In the article he said that Person.instance_eval assigns Person's metaclass to self for a class Person. But this is obviously wrong. What exactly is metaprogramming. Ruby Matters: Meta-programming, Synthesis, and Generation. In my last Ruby Matters blog post, I talked about meta-programming in Ruby, contending that Ruby gives you "places to put your stuff". I always wondered about meta-programming in Smalltalk and how that compares to Ruby, and Where to Put Stuff in Smalltalk. The final piece of the puzzle came after I talked to Glenn Vanderburg (the Chief Scientist of Relevance). I was puzzled as to why the Gang of Four book (which had examples in both C++ and Smalltalk) didn't have more meta-programming. Lots of the design patterns are almost trivially easy to implement with meta-programming, but they didn't do that in the Smalltalk examples.

They used the same structural approach as C++. Metaprogramming Ruby: class_eval and instance_eval. I am currently reading a great book called Metaprogramming Ruby, an in-depth guide to dynamic code and code generation in Ruby.

Metaprogramming Ruby: class_eval and instance_eval

There have been a lot of light bulb moments for me while reading. Sometimes when the book explains a concept or Ruby feature, it sheds light on things I've seen in other people's code – things I've always wondered about. One such example is class_eval and instance_eval. These methods allow you to evaluate arbitrary code in the context of a particular class or object. They're slightly similar to call, apply and bind in JavaScript, in that you are altering the value of self (this in JavaScript) when you use them. Metaprogramming in Ruby: It’s All About the Self. November 15th, 2009 After writing my last post on Rails plugin idioms, I realized that Ruby metaprogramming, at its core, is actually quite simple.

Metaprogramming in Ruby: It’s All About the Self

It comes down to the fact that all Ruby code is executed code–there is no separate compile or runtime phase. In Ruby, every line of code is executed against a particular self. Consider the following five snippets: All five of these snippets define a Person.species that returns Homo Sapien. These snippets all define a method called name on the Person class. First, it is important to understand how Ruby’s metaclass works. Person is an instance of Class, so any methods added to Class are available on Person as well.

What’s going on here is that we’re adding the speak method to matz‘s metaclass, and the matz object inherits from its metaclass and then Object. In fact, matz‘s “class” is its invisible metaclass. It turns out that all of these weird rules collapse down into a single concept: control over the self in a given part of the code. Ruby Matters: A Place to Put Your Stuff. Why are so many people into Ruby? I get this question a lot because I speak at a lot of Java conferences and talk about Ruby and JRuby. In this and several more blog entries, I'm going to explore this question in depth. For myself and many of my peers, it was a rite of passage to learn all the intricate tricky stuff in C++.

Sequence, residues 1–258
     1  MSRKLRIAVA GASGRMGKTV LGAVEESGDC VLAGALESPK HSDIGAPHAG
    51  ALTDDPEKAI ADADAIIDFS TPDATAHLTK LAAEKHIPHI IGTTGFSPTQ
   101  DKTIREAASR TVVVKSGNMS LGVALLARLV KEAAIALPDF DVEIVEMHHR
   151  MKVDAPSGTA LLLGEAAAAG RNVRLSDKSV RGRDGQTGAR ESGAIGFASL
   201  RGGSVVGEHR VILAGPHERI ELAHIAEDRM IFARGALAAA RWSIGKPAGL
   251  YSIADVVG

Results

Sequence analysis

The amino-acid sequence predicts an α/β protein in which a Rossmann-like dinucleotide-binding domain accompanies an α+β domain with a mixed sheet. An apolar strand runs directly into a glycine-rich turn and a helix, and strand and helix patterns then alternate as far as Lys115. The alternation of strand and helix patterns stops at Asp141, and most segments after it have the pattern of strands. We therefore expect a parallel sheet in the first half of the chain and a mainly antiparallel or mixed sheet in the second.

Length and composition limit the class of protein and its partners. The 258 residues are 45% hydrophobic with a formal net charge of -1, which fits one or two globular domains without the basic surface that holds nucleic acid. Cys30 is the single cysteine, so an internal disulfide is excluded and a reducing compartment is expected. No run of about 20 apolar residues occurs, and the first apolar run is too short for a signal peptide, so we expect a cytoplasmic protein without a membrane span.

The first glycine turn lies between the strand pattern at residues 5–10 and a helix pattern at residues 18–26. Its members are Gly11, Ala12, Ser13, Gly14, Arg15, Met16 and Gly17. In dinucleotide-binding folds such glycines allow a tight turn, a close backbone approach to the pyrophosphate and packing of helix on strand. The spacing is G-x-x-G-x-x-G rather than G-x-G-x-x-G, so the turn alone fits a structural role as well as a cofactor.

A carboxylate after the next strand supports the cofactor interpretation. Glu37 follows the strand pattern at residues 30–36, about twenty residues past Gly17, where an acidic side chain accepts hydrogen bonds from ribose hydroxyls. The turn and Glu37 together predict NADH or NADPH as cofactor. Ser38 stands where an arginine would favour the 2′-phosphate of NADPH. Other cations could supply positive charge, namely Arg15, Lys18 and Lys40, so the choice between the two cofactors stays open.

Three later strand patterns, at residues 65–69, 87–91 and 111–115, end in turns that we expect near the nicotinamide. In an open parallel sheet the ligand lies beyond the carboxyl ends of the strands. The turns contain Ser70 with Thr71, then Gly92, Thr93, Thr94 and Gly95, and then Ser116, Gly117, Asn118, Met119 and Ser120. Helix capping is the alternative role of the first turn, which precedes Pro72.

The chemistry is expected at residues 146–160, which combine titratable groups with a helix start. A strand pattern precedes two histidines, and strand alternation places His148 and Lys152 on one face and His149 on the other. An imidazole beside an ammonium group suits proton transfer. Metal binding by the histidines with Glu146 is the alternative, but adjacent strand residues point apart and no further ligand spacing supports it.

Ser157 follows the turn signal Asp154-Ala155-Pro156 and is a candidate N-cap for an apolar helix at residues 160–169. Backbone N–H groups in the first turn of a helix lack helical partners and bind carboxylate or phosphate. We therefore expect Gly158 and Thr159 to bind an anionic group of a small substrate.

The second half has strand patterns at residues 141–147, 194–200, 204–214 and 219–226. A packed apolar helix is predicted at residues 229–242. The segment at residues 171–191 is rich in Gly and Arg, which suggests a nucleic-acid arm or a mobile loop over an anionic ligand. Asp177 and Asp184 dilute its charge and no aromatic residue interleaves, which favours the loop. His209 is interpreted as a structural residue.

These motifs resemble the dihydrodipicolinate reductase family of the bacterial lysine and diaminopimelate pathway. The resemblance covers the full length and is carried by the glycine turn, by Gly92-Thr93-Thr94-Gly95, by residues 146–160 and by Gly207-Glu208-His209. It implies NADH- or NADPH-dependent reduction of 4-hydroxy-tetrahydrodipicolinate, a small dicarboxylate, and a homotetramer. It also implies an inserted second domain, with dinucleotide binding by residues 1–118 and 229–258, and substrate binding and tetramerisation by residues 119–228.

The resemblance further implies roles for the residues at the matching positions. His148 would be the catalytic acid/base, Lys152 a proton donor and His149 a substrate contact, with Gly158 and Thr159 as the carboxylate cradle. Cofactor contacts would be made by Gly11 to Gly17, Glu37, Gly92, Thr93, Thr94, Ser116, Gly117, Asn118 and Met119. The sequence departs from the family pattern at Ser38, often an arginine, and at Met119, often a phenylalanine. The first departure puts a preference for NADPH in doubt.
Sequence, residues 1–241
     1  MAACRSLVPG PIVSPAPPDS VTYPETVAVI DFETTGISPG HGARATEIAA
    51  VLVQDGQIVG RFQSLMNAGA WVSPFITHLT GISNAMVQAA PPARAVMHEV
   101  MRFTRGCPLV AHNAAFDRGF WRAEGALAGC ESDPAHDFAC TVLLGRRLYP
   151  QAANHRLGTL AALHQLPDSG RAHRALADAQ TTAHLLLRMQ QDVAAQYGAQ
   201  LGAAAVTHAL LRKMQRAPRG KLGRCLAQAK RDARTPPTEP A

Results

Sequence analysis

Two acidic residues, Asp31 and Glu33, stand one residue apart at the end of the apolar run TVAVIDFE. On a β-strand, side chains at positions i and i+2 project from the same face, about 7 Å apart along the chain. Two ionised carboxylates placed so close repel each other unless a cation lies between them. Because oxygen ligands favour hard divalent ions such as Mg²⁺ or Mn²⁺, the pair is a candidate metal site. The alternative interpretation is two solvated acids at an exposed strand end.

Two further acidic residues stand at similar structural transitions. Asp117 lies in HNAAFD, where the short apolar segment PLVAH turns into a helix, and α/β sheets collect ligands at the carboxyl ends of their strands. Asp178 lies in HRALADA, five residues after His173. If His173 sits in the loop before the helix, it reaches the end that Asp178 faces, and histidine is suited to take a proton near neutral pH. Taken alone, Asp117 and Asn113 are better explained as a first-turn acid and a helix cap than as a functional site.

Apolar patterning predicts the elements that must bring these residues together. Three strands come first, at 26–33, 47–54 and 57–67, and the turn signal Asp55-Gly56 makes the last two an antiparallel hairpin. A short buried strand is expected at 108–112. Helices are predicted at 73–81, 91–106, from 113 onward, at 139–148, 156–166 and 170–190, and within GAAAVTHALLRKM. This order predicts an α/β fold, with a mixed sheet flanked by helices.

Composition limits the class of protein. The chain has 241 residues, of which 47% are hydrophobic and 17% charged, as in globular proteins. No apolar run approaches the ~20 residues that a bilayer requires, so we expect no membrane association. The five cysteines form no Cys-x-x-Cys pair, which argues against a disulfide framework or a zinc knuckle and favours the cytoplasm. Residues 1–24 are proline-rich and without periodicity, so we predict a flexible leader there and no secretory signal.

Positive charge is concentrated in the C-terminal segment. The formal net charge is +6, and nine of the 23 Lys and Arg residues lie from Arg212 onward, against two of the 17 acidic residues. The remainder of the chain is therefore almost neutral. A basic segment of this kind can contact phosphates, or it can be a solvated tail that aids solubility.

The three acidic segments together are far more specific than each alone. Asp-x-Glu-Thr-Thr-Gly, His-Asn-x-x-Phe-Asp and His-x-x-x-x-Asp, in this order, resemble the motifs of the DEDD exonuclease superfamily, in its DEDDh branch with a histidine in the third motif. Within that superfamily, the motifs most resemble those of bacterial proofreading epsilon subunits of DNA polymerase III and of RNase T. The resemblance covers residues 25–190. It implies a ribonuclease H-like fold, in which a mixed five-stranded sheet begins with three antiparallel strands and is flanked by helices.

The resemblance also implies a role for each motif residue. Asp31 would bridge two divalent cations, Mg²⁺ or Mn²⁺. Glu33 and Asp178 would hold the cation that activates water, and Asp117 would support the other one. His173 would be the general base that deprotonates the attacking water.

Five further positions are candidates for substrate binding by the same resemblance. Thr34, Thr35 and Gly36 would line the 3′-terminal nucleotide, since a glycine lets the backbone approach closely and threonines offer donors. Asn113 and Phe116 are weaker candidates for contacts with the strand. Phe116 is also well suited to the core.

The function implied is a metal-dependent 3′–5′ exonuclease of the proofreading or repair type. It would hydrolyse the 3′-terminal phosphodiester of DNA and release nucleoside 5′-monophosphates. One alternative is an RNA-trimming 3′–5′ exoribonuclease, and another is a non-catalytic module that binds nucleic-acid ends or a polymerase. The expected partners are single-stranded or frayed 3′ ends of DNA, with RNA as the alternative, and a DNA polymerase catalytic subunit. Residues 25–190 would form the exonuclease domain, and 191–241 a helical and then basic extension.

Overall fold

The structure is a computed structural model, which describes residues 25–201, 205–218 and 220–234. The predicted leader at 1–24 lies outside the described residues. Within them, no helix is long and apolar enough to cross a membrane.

Once I got over my fascination with C++ and got tired of banging my head against all of the arcane nonsense in the language (I used to know the details of all the different ways you could use the word const, but I've fortunately purged that knowledge), I asked one of my colleagues why he continued to love it so much. "Knowing C++ makes me part of the C++ priesthood. After a brief visit to the refugee camp of Delphi, I made it to Java and thought I was in heaven. The epiphany really came when I understood what some of the Rails code was doing with meta-programming, which made me look closer at the core Ruby stuff. What Are Metaclasses? - { I seemed to have accidently started a twitter storm debate on metaclasses in Ruby.

What Are Metaclasses? - {

Somethings are just are to say in 140 characters. So here’s my take on the issue. Singleton Class / Eigenclass / Metaclass … What? Ruby has this concept of per-class methods. In other words, you can define a method on an object, rather than on its class. Implementation wise, these per-object methods are defined in an almost invisible class-like object called the “Singleton Class”. Some people object to the name “singleton class”, complaining that it is easily confused with the singleton pattern from the Gang of Four book.

I objected to the use of the name “metaclass” for the singleton class on the grounds that metaclass has a well understood meaning in non-Ruby circles, and that the singleton class is not a metaclass. So, What’s a Metaclass? According to wikipedia: